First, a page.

Wednesday, June 3, 2015


Dame Edith Louisa Sitwell, 1940

Still falls the Rain---
Dark as the world of man, black as our loss---
Blind as the nineteen hundred and forty nails
Upon the Cross.

Still falls the Rain
With a sound like the pulse of the heart that is changed to the hammer-beat
In the Potter's Field, and the sound of the impious feet

On the Tomb:
Still falls the Rain

In the Field of Blood where the small hopes breed and the human brain
Nurtures its greed, that worm with the brow of Cain.

Still falls the Rain
At the feet of the Starved Man hung upon the Cross.
Christ that each day, each night, nails there, have mercy on us---
On Dives and on Lazarus:
Under the Rain the sore and the gold are as one.

Still falls the Rain---
Still falls the Blood from the Starved Man's wounded Side:
He bears in His Heart all wounds,---those of the light that died,
The last faint spark
In the self-murdered heart, the wounds of the sad uncomprehending dark,
The wounds of the baited bear---
The blind and weeping bear whom the keepers beat
On his helpless flesh... the tears of the hunted hare.

Still falls the Rain---
Then--- O Ile leape up to my God: who pulles me doune---
See, see where Christ's blood streames in the firmament:
It flows from the Brow we nailed upon the tree

Deep to the dying, to the thirsting heart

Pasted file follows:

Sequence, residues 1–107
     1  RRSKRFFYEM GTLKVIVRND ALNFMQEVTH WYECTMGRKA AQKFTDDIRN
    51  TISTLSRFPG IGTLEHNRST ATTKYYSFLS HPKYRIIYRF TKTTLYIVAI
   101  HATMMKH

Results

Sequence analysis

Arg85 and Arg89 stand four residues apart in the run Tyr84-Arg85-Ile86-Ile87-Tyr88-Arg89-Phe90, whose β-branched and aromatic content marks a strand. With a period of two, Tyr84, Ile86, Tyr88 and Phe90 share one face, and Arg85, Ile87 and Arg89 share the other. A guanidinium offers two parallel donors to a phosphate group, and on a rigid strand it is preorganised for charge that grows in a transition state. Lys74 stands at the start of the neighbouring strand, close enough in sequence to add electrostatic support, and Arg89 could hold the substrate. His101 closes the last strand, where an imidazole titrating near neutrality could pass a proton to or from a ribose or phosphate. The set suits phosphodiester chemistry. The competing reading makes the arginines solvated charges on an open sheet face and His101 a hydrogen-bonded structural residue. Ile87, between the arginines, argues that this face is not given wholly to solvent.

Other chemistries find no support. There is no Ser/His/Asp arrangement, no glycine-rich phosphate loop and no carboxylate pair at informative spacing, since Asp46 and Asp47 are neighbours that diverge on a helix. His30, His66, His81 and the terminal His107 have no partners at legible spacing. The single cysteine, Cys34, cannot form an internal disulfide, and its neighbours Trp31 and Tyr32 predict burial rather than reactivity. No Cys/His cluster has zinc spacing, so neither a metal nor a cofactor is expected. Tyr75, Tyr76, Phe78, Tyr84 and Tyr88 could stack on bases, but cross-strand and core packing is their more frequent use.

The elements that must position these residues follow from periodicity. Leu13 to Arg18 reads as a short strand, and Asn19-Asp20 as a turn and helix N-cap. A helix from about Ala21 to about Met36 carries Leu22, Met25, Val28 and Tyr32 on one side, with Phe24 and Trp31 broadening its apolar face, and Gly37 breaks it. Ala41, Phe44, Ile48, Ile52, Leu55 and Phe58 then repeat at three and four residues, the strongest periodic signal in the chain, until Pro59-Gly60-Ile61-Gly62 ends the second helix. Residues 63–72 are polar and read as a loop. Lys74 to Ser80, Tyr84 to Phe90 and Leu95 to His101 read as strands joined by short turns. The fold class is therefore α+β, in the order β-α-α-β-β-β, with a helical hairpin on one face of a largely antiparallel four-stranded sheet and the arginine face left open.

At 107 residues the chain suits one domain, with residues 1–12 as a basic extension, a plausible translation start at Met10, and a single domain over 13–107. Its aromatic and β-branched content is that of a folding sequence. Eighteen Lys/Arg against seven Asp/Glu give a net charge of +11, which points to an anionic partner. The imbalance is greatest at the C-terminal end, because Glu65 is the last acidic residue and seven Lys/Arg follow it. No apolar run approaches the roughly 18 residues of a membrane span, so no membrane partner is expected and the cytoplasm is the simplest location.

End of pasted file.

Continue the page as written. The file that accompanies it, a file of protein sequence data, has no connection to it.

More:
That holds the fires of the world,---dark-smirched with pain
As Caesar's laurel crown.

Then sounds the voice of One who like the heart of man
Was once a child who among beasts has lain---
"Still do I love, still shed my innocent light, my Blood, for thee."

Dame Edith Sitwell was known for delivering dramatics, the most notable of which might be her practice of lying in an open coffin to prep for writing. -mentalfloss

Dame Edith Louisa Sitwell DBE (7 September 1887 – 9 December 1964) was a British poet and critic and the eldest of the three literary Sitwells.

Like her brothers Osbert and Sacheverell, Edith reacted badly to her eccentric, unloving parents, and lived for much of her life with her governess. She never married, but became passionately attached to the homosexual Russian painter Pavel Tchelitchew, and her home was always open to London's poetic circle, to whom she was unfailingly generous and helpful.

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